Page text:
The Duchess had been raised with strong (Lutheran) Christian faith. Now that she was living in Russia, she encountered Orthodoxy which she knew very little about before moving there. She wanted to understand her husband(and her new people)’s faith, so she began to read and study it. Over time (and especially during a visit to the Holy Lands in 1888) it became clear to her that she wanted to become Orthodox. She wrote a beautiful letter to her father, explaining that she wanted to become Orthodox (her husband was not forcing her to do so). She sent the letter, hoping for her father’s understanding and blessing. He did not understand or bless her conversion. The Duchess really wanted to be Orthodox, though, so she was chrismated into the Holy Orthodox Church on Lazarus Saturday in 1891. She was so happy that she could commune with her husband at last, that year, on Pascha! Later that same year, Duke Sergei and his beloved Duchess Elizabeth were transferred to Moscow, where he was named governor. The two of them loved being together and did as much together as possible. The Duchess continued to love beauty and nature, so she loved when they paid visits to their summer residence at Ilyinsk, outside of Moscow. The sad part of their lives at this time was that they had no children.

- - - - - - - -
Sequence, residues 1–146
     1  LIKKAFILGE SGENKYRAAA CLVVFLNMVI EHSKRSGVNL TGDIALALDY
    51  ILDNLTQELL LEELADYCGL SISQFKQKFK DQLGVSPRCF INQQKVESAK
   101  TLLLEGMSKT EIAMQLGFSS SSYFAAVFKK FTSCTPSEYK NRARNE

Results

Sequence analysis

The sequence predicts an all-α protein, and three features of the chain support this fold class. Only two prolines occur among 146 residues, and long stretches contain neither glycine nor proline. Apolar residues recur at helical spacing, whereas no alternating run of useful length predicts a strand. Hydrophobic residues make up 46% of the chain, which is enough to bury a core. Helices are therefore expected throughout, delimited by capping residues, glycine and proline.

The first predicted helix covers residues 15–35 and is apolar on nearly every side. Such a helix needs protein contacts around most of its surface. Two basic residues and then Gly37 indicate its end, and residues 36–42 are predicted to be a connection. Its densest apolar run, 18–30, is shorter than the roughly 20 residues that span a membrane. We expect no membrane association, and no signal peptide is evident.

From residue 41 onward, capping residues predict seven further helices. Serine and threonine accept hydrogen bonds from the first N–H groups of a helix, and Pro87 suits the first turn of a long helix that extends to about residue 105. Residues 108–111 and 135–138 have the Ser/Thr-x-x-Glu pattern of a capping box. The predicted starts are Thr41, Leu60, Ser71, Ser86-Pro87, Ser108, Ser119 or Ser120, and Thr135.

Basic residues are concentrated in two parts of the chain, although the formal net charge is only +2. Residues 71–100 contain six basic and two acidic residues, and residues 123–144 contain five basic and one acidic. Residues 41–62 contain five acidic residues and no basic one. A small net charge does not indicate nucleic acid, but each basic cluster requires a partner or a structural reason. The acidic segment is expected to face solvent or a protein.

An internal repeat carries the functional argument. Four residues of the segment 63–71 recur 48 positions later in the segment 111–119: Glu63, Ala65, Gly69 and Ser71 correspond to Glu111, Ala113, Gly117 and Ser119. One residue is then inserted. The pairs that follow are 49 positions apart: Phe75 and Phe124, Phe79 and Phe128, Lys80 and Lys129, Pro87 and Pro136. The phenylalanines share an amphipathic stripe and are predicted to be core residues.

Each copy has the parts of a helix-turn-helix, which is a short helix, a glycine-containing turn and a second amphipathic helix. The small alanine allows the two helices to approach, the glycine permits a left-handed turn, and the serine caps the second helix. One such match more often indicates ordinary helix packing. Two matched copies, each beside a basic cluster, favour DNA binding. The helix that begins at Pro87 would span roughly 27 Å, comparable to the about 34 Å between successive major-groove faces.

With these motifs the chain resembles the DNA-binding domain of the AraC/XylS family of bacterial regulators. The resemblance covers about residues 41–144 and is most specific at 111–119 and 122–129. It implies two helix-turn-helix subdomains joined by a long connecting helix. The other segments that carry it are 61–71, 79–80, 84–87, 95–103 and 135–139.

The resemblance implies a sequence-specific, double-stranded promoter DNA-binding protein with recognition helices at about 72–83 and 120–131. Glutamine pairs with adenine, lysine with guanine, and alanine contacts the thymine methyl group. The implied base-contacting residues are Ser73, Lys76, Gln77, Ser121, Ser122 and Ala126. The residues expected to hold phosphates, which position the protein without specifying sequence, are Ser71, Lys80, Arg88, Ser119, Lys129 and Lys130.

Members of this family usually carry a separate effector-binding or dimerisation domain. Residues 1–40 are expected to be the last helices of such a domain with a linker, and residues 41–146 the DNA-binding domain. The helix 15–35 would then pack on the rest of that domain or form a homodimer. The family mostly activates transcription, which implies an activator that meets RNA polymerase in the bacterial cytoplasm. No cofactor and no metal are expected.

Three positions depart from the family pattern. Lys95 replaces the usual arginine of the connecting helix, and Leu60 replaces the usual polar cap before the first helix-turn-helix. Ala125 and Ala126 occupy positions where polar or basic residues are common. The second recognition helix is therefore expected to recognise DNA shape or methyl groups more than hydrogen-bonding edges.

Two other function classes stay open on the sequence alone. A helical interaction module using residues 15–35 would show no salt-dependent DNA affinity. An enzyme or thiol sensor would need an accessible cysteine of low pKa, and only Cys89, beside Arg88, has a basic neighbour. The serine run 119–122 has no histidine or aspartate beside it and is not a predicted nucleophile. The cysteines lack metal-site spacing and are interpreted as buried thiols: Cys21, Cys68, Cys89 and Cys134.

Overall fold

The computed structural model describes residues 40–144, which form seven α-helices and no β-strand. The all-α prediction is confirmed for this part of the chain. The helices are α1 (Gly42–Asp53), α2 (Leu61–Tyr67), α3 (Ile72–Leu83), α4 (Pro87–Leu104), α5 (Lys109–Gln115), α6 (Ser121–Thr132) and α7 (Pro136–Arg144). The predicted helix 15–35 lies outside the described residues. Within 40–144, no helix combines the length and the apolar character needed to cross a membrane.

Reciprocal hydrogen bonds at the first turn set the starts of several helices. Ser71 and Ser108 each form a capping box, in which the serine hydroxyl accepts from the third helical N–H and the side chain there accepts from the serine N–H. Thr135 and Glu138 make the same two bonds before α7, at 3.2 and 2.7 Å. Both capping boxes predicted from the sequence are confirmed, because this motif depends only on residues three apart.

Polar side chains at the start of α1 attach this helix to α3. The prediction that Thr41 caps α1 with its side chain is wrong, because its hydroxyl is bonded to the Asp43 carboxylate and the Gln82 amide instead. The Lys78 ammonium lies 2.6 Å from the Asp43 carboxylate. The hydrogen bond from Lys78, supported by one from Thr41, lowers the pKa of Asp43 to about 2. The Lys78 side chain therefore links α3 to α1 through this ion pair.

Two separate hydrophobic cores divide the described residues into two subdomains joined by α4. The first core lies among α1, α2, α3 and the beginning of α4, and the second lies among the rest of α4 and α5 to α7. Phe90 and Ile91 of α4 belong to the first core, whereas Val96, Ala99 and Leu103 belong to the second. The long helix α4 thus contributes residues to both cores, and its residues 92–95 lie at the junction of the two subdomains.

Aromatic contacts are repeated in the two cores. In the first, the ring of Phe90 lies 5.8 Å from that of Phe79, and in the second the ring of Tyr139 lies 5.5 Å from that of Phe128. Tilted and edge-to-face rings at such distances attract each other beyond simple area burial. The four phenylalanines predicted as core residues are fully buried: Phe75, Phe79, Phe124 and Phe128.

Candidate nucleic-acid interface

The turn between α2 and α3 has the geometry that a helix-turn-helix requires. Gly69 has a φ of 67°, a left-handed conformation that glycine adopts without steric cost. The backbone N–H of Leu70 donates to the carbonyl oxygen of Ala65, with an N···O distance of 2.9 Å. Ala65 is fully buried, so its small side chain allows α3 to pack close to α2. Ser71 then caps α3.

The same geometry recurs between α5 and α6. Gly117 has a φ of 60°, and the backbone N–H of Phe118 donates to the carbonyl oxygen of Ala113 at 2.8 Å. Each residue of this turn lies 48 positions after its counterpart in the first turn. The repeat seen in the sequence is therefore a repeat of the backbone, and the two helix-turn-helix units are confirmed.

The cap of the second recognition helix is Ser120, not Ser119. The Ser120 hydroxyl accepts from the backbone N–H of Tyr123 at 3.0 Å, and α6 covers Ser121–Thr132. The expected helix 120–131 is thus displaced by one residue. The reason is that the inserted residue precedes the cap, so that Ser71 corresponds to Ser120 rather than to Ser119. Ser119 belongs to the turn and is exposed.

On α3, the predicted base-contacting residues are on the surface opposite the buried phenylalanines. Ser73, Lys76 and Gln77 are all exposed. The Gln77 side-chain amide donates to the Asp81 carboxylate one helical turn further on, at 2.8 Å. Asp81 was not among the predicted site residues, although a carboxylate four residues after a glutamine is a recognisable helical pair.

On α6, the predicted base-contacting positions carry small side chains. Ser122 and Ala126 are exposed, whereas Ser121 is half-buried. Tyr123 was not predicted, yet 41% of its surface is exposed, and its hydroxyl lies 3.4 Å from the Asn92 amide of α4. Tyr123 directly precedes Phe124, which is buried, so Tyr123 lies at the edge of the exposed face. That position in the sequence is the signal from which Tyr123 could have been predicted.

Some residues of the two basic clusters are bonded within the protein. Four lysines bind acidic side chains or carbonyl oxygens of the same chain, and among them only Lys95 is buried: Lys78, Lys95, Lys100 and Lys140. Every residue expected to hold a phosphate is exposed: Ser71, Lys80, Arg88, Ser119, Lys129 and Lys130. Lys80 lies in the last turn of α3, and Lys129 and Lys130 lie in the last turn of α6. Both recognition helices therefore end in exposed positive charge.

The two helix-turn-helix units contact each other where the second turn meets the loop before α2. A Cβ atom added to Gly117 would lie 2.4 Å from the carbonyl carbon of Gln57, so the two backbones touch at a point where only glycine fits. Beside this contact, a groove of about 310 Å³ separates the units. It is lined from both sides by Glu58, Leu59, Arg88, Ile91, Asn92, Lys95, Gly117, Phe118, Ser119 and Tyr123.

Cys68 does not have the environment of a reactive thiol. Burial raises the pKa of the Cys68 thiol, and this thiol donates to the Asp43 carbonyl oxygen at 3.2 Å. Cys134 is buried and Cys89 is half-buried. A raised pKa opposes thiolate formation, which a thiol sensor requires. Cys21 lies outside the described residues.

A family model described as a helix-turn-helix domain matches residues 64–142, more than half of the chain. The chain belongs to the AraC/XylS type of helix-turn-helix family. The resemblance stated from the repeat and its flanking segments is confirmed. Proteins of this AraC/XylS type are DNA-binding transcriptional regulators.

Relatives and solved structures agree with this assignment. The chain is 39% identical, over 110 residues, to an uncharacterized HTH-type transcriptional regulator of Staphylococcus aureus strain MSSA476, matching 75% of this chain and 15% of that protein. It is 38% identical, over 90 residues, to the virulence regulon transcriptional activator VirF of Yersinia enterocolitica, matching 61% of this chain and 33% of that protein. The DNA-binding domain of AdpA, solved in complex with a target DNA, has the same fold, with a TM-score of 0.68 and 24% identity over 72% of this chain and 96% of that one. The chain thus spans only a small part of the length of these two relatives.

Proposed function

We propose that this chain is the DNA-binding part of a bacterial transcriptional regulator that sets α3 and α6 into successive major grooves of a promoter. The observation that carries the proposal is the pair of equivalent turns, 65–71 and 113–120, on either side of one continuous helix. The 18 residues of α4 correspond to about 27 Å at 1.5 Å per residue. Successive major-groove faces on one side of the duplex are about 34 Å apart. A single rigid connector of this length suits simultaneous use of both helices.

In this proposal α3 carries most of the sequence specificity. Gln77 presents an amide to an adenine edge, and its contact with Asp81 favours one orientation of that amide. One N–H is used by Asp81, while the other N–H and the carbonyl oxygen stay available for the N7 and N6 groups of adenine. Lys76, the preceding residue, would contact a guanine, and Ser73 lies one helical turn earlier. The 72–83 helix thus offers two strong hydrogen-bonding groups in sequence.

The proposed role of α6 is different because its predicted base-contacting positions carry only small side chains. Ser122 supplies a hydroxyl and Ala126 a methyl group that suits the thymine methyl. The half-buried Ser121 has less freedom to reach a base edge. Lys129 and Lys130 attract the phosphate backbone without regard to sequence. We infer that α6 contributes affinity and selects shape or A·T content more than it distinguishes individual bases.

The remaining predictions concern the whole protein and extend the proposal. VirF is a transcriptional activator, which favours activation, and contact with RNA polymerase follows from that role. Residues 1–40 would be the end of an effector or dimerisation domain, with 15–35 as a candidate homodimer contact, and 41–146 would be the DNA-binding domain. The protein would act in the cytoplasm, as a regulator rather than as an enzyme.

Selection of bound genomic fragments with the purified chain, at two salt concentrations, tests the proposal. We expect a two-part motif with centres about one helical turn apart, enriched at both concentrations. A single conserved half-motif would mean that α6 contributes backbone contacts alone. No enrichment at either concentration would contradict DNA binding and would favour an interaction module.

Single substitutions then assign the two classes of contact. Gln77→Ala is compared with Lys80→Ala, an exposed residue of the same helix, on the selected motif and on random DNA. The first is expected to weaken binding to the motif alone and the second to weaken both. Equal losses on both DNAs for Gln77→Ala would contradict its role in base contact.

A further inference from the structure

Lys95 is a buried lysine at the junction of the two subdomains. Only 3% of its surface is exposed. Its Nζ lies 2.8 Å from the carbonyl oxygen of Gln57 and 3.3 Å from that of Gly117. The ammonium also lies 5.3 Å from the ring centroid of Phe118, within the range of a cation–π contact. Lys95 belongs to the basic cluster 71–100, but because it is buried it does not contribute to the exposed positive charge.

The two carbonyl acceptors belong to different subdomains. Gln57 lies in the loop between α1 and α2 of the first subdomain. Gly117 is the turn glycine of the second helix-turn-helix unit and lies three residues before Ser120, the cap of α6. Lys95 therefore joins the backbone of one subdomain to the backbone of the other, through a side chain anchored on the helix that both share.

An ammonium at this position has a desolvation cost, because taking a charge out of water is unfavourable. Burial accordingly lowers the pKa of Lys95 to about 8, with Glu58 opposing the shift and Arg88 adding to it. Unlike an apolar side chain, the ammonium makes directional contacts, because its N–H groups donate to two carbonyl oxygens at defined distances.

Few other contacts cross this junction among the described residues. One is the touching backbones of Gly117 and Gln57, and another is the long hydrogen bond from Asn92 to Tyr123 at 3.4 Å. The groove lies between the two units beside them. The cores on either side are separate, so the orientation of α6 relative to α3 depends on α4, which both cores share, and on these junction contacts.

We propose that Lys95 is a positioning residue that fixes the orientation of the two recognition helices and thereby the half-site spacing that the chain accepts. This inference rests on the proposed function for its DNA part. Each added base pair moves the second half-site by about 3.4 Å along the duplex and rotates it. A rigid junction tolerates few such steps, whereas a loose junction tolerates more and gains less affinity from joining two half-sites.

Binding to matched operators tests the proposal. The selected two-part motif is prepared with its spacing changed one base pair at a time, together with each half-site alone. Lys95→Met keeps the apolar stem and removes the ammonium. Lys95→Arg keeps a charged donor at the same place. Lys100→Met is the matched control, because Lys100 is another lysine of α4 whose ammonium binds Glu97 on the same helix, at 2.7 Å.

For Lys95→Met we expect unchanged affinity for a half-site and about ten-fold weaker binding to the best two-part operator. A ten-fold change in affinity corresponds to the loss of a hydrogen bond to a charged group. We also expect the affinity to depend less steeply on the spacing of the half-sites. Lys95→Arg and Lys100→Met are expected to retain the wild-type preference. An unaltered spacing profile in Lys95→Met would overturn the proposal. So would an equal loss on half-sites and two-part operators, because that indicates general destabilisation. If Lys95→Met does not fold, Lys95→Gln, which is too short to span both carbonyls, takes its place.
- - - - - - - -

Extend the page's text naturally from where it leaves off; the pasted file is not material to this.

In 1894, Nicholas II, who was married to the Duchess’ little sister Alix (Alexandra), became the new (and, sadly, the last) tsar of Russia. The Duke and Duchess took his niece Marie and nephew Dmitri into their home in 1901 and raised them as their own children.

Then in 1905, the Russians entered into war with the Japanese, and life became more difficult for all Russians, including the Duke and Duchess and their protégés. The Duke was constantly receiving threats from revolutionaries, and the Duchess was doing what work she could (organizing women to gather supplies for the Russian armed forces, and visiting the wounded). On Feb. 18, 1905, a revolutionary threw a bomb into the Duke’s carriage, just outside of their mansion, killing him instantly. The Duchess gathered what pieces she could of her husband, accompanied his remains at a prayer service on his behalf, and then immediately went and visited the gravely wounded carriage driver in the hospital so she could put his mind at ease before he died of his injuries.

The next months were difficult for the Duchess and also for Marie and Dmitiri, but the three of them grew closer to each other as they helped each other. The Duchess threw herself into her work.